basic data structures in |project|, such as `NumPy`_ arrays. |project| uses
`HDF5`_ format for storing binary coded data. Using the |project| support for
`HDF5`_, it is very simple to import and export data.
`HDF5`_ uses a neat descriptive language for representing the data in the HDF5
files, called Data Description Language (`DDL`_).
To perform the functionalities given in this section, you should have `NumPy`_
and |project| loaded into the `Python`_ environment.
.. testsetup:: *
import numpy
import xbob.io.base
import xbob.io.image
import tempfile
import os
......@@ -28,324 +14,22 @@ and |project| loaded into the `Python`_ environment.
temp_dir = tempfile.mkdtemp(prefix='bob_doctest_')
os.chdir(temp_dir)
HDF5 standard utilities
-----------------------
Before explaining the basics of reading and writing to `HDF5`_ files, it is
important to list some `HDF5`_ standard utilities for checking the content of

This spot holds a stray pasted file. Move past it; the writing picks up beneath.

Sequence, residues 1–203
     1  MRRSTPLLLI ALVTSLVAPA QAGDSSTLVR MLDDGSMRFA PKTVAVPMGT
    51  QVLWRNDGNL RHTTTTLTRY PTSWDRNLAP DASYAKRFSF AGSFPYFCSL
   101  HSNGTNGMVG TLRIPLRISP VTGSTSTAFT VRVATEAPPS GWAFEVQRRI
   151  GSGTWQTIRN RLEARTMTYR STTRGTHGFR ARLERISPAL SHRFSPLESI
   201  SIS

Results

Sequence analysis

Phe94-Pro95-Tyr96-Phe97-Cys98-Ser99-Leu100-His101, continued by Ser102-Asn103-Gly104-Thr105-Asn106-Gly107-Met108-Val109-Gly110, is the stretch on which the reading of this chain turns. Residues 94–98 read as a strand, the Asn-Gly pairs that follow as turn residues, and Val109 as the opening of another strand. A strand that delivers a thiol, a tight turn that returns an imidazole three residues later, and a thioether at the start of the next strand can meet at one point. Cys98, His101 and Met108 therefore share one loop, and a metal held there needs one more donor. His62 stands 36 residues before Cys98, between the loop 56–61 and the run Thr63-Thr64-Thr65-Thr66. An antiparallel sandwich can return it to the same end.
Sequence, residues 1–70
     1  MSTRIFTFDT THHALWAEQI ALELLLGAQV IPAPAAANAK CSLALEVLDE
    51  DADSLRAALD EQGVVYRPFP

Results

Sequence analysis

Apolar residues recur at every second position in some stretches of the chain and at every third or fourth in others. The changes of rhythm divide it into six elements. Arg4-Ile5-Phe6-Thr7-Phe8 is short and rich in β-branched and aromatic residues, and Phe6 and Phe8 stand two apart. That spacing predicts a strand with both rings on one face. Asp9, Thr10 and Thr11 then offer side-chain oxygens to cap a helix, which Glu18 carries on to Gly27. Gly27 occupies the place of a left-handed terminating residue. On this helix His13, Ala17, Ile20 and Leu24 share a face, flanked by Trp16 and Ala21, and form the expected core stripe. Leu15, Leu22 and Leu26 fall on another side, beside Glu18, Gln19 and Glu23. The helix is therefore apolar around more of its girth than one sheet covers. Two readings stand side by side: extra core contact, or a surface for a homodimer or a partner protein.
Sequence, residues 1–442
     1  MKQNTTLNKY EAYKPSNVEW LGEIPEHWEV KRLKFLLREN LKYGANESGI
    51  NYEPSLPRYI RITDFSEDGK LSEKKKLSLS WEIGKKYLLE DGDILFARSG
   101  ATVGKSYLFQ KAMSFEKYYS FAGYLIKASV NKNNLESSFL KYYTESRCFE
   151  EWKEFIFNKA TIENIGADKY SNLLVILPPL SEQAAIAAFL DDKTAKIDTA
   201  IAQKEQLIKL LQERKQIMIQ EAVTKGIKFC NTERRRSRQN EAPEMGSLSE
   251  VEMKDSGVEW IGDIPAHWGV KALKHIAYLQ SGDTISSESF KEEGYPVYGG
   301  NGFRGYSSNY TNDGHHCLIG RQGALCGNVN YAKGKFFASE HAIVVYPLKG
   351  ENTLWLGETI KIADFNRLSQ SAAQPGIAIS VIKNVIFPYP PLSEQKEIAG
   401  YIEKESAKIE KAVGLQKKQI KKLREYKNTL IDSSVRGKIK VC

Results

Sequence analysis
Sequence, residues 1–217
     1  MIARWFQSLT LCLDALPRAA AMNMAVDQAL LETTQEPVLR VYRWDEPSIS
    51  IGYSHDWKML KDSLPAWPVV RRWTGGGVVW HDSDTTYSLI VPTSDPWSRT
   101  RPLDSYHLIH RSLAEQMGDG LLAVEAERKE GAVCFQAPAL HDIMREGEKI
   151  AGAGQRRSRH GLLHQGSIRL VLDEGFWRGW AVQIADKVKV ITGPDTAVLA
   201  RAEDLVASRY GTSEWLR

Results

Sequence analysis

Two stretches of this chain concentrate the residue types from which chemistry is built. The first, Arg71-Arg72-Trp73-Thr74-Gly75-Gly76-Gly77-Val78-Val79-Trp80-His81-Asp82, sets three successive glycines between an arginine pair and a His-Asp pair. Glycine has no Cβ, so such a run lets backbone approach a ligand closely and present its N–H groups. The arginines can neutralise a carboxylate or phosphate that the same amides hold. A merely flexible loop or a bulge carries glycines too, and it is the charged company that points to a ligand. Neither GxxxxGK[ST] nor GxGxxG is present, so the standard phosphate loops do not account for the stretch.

an `HDF5`_ file. These are supplied by the `HDF5`_ project.
``h5dump``
Dumps the content of the file using the DDL.
``h5ls``
Lists the content of the file using DDL, but does not show the data.
``h5diff``
Finds the differences between HDF5 files.
I/O operations using the class `xbob.io.base.HDF5File`
------------------------------------------------------
Writing operations
------------------
Let's take a look at how to write simple scalar data such as integers or
floats.
.. doctest::
>>> an_integer = 5
>>> a_float = 3.1416
>>> f = xbob.io.base.HDF5File('testfile1.hdf5', 'w')
>>> f.set('my_integer', an_integer)
>>> f.set('my_float', a_float)
>>> del f
If after this you use the **h5dump** utility on the file ``testfile1.hdf5``,
you will verify that the file now contains:
.. code-block:: none
HDF5 "testfile1.hdf5" {
GROUP "/" {
DATASET "my_float" {
DATATYPE H5T_IEEE_F64LE
DATASPACE SIMPLE { ( 1 ) / ( 1 ) }
DATA {
(0): 3.1416
}
}
DATASET "my_integer" {
DATATYPE H5T_STD_I32LE
DATASPACE SIMPLE { ( 1 ) / ( 1 ) }
DATA {
(0): 5
}
}
}
}
.. note::
In |project|, when you open a HDF5 file, you can choose one of the following
options:
**'r'** Open the file in reading mode; writing operations will fail (this is the default).
**'a'** Open the file in reading and writing mode with appending.
**'w'** Open the file in reading and writing mode, but truncate it.
**'x'** Read/write/append with exclusive access.
The dump shows that there are two datasets inside a group named ``/`` in the